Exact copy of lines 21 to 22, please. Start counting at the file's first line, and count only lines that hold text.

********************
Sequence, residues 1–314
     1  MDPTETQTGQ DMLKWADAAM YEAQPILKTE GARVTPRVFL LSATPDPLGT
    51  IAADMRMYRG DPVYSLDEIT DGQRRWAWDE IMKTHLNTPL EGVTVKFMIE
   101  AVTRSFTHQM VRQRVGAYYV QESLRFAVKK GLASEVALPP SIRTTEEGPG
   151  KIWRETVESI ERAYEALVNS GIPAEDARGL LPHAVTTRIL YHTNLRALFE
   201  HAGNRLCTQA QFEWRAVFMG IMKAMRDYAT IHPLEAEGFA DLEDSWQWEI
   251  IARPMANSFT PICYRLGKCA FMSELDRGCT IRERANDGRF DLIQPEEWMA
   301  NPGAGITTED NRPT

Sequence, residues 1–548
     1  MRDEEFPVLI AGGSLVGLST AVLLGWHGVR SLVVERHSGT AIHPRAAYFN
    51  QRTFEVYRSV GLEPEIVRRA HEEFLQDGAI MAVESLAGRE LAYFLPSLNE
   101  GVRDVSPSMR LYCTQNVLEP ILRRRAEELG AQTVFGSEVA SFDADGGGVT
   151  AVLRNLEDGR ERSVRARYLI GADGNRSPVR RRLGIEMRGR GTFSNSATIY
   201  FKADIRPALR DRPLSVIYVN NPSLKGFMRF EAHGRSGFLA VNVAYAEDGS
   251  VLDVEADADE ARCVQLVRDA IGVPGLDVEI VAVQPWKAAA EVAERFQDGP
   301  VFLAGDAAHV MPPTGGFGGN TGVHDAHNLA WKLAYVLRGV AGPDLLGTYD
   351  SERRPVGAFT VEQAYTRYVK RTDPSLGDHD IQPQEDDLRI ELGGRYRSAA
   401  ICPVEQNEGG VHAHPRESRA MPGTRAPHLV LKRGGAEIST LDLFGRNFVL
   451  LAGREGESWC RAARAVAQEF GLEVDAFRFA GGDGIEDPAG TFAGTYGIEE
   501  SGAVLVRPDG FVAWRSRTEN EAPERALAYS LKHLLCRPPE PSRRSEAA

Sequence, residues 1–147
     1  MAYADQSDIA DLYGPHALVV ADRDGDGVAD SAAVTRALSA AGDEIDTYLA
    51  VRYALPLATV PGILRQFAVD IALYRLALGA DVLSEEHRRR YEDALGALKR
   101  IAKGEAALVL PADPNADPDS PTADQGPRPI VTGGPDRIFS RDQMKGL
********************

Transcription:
Sequence, residues 1–147
     1  MAYADQSDIA DLYGPHALVV ADRDGDGVAD SAAVTRALSA AGDEIDTYLA